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Variational methods (physics)
Methods based on the principle that, among all possible configurations or histories of a physical system, the system realizes the one that minimizes some specified quantity. Variational methods are used in physics both for theory construction and for calculational purposes.
The earliest use of a variational principle for physics is Fermat's principle in optics, which states that when a light ray traverses a medium with nonuniform index of refraction its path is such as to minimize its travel time. An integral expresses the time that the light takes to travel from one point to another along a particular path, and an application of the calculus of variations to this integral makes it possible to determine the particular path for which the travel time is a minimum. This problem is mathematically identical to the variational principle that determines a geodesic, the path of shortest distance, in a given geometry. In that form, the same principle determines the world lines of all objects in the general theory of relativity. See Relativity
Similarly, in mechanics, Hamilton's principle for the action is defined for any system of point particles by an integral (called the action) that extends over an arbitrarily prescribed path Γ in configuration space. Hamilton's principle asserts that the trajectories of all the particles are determined by the requirement that Γ be such that, for given initial and final times, the action is a minimum; for this reason it is also called the principle of least action. If the calculus of variations is applied to implement this principle, the corresponding Euler-Lagrange equations are obtained. These are the lagrangian equations of motion, that is, Newton's equations of motion in lagrangian form. See Action, Hamilton's principle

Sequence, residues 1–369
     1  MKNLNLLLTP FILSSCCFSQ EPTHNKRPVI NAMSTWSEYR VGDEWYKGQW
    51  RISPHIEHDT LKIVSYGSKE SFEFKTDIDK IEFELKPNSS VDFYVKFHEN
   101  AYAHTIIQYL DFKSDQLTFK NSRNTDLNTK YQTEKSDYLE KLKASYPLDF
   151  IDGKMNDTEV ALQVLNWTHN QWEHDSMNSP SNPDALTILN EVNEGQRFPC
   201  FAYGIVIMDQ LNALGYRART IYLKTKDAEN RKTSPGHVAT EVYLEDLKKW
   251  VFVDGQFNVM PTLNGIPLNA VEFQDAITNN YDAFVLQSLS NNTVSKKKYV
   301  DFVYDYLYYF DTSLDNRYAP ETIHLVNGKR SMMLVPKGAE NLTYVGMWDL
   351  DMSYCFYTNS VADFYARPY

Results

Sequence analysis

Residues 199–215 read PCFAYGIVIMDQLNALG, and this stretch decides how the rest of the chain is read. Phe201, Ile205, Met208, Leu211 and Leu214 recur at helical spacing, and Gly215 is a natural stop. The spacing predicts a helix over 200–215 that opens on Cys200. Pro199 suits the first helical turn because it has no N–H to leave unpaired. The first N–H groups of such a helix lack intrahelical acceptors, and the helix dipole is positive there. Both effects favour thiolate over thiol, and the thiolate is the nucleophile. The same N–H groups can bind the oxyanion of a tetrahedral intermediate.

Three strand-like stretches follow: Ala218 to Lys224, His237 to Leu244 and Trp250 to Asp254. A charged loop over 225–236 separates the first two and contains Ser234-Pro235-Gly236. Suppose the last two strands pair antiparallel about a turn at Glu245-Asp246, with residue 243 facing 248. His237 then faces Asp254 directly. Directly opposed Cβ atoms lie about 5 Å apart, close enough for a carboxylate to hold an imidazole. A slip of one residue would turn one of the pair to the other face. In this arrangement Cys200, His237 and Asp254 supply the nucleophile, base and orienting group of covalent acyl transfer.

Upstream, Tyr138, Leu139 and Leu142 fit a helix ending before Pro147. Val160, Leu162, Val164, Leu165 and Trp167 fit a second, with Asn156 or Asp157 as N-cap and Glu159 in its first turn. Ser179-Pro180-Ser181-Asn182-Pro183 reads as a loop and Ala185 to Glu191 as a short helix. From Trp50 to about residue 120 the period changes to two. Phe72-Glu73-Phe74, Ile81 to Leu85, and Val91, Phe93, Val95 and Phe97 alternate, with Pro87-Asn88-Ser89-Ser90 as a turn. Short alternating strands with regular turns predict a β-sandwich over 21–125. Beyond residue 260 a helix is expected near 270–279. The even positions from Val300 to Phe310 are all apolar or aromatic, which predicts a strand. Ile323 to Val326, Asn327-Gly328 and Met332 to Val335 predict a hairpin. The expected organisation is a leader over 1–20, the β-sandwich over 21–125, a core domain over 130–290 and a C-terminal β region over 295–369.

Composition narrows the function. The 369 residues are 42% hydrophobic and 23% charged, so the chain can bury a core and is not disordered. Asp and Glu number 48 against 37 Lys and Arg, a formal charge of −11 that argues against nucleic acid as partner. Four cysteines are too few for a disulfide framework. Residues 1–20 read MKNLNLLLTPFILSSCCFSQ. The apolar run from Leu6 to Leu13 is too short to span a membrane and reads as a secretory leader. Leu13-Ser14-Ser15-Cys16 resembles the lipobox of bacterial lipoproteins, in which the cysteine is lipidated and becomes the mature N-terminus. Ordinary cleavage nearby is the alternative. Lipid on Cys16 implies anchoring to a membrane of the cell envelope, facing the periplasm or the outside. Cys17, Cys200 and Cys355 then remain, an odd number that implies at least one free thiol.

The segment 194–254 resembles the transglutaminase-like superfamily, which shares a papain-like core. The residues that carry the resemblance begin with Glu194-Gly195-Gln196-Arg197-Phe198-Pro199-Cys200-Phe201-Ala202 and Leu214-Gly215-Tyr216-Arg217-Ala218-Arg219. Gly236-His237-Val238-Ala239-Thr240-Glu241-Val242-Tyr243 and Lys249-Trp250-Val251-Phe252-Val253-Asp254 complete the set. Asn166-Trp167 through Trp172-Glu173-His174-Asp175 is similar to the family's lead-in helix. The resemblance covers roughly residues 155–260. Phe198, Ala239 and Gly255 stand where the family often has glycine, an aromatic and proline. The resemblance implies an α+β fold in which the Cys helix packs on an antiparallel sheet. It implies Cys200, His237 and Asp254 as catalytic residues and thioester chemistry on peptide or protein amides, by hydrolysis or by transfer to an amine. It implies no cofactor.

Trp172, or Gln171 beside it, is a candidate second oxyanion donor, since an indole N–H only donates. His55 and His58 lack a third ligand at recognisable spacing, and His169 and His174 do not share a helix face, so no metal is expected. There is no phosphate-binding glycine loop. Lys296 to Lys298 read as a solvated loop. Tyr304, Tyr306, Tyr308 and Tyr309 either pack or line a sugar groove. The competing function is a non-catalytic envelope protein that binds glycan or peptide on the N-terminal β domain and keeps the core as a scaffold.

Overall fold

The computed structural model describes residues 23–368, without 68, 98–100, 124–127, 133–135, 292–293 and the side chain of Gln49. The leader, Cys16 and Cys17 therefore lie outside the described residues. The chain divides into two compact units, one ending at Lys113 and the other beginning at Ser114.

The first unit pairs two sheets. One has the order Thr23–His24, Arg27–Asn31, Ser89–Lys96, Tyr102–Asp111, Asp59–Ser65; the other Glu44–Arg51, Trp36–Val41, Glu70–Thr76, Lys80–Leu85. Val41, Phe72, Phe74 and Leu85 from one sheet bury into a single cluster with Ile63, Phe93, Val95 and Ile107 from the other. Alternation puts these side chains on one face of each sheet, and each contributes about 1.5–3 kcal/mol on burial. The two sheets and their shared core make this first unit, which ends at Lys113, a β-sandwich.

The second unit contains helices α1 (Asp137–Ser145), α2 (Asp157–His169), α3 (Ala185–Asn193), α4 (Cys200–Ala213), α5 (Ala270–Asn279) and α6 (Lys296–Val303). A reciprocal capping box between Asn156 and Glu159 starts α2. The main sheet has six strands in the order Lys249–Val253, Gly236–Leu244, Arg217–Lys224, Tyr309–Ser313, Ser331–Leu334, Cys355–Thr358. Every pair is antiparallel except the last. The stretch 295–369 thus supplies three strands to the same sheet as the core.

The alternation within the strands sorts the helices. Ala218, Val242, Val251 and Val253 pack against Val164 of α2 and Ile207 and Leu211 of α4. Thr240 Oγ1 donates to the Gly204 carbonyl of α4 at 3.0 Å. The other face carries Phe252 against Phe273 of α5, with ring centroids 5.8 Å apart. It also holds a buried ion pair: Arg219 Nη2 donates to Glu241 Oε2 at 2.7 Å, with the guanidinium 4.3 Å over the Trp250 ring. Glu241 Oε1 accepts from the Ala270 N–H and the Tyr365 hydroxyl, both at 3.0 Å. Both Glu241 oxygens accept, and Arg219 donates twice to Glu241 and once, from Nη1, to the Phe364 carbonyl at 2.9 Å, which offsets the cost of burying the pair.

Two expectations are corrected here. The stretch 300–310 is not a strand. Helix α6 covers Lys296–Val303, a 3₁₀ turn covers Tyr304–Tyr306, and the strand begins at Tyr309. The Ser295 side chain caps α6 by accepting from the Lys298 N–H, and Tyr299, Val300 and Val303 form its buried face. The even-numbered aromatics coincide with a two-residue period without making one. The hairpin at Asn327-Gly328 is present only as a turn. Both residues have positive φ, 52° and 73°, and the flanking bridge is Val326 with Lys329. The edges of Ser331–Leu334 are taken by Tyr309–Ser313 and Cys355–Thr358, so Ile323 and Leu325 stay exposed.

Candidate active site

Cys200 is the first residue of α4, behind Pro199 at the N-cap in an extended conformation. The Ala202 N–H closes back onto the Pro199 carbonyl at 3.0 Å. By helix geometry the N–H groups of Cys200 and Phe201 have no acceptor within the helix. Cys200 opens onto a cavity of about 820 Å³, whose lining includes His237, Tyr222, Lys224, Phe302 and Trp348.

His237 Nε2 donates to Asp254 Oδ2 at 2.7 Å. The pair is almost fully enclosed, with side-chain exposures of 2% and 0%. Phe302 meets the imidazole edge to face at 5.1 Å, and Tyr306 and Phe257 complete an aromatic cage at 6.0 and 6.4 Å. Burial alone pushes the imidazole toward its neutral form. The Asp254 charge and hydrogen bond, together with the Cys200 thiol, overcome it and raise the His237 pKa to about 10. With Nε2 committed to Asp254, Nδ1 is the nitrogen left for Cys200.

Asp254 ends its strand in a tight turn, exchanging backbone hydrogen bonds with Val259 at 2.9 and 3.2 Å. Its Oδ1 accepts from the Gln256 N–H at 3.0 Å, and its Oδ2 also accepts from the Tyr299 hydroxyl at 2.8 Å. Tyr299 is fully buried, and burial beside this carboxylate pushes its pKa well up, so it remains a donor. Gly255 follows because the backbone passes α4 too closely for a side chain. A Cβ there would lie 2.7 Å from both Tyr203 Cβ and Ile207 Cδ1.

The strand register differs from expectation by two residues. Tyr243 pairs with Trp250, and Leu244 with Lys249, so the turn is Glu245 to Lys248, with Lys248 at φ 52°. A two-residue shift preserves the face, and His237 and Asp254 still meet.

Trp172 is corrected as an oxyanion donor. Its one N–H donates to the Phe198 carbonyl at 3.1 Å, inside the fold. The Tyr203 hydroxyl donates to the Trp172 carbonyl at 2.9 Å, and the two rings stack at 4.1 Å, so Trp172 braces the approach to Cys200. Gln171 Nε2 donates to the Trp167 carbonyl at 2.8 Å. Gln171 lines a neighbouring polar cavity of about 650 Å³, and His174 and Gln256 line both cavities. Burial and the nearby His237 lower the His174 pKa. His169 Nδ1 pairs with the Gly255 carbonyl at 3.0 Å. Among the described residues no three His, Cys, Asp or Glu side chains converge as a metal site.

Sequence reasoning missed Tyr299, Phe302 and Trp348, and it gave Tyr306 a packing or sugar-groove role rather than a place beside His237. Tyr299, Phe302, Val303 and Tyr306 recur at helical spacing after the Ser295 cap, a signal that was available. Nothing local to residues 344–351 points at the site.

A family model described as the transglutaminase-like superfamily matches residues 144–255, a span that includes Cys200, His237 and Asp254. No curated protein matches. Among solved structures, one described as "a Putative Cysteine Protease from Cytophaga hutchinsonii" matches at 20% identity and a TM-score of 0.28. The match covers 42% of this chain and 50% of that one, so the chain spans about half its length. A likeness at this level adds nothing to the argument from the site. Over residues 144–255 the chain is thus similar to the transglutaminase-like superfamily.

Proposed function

The principle of least action has been generalized to systems with infinitely many degrees of freedom, that is, fields. A Lagrange density function is then defined, which is a function of the fields and their time derivatives at any given point in space and time. For any field theory, only the Lagrange density needs to be given; the field equations are then derivable as the corresponding Euler-Lagrange equations. A similar technique makes it possible to derive the Schrödinger equation and the Dirac equation in quantum mechanics from specific Lagrange density functions. See Quantum mechanics, Quantum theory of matter, Relativistic quantum theory
This method has great procedural advantages. For example, it facilitates a check of whether the theory satisfies certain invariance principles (such as relativistic invariance or rotational invariance) by simply ascertaining whether the Lagrange density satisfies them. The corresponding conservation laws can also be derived directly from the lagrangian. See Conservation laws (physics), Quantum field theory, Symmetry laws (physics)
The variational method also plays an important role in quantum-mechanical calculations. For the computation of needed quantities in terms of functions that result from the solution of differential equations, it is always of great advantage to use formulas that have the special form required to make them stationary with respect to small variations of the input functions in the vicinity of the unknown, exact solutions. See Minimal principles